Christmas dinner yesterday (glazed ham, two veg., green salad, mince pie) was bizarre: dinner was ready well ahead of schedule, and everything came off perfectly. That included the improvisation du jour: cooking the stove-top stuffing mix inside the acorn squash, a dish that’s very much in the style of la cuisine de Nouvelle Zion.On the one hand, it’s sort of depraved: stove-top stuffing mix? On the other hand, it’s easy, it’s tasty, it doesn’t dirty a lot of dishes, it makes a nice presentation, and it’s blessedly tolerant: you can leave it on hold between steps whenever you need to deal with some other bit of cooking.
Stuffed Squash DeseretIf there are only two of you, eat the other half-squash for brunch on Boxing Day.
1 fair-sized acorn squash
1 six-ounce box of cornbread stovetop stuffing mix
1/4 C. butter or margarine
1. Wash the squash. Plonk a few discreet holes in it so it won’t explode. Put it in the microwave and nuke it, perhaps turning it over once or twice, until it softens up a bit. (If it suddenly starts looking bigger and rounder, stop immediately, and give it a few minutes to settle down before cutting into it.)
2. Slice the squash in half from nose to tail. Scoop out all the seeds. Wrap each half in waxed paper, and continue nuking until they’re imaginably edible, but still a bit stiff.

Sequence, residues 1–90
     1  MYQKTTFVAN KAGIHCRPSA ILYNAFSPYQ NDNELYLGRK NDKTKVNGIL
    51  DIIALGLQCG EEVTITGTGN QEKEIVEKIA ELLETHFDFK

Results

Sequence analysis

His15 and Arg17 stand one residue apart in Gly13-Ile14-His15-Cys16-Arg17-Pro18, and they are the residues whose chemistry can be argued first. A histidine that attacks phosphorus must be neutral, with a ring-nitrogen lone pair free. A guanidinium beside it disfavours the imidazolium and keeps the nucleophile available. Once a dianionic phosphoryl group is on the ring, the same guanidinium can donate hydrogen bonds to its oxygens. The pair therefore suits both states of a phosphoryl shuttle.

3. Put the stuffing mix in a bowl. Boil the amount of water specified on the package, melt the butter or margarine into it, and pour it over the mix. Stir briefly. When the stuffing is cool enough to handle, pack it into the squash halves, mounding it up over the entire top of the half-squash. Wrap waxed paper around each squash-and-stuffing module and return it to the microwave.
4. Keep nuking until the squash halves are pleasantly soft. Turn off the oven and let them sit until you’re ready to serve dinner.5. Carefully remove the waxed paper. You can cut each half lengthwise, yielding four substantial wedges of squash-and-stuffing, or slice them into smaller portions as desired, as long as they’re not so small that the components fall apart.
I’m thinking it ought to be possible to take the lid off and scoop out one of the larger winter squashes, and use it to bake a stuffing mixture (not instant stuffing, it’d go to mush) when you’re cooking a cut of meat that doesn’t have a body cavity.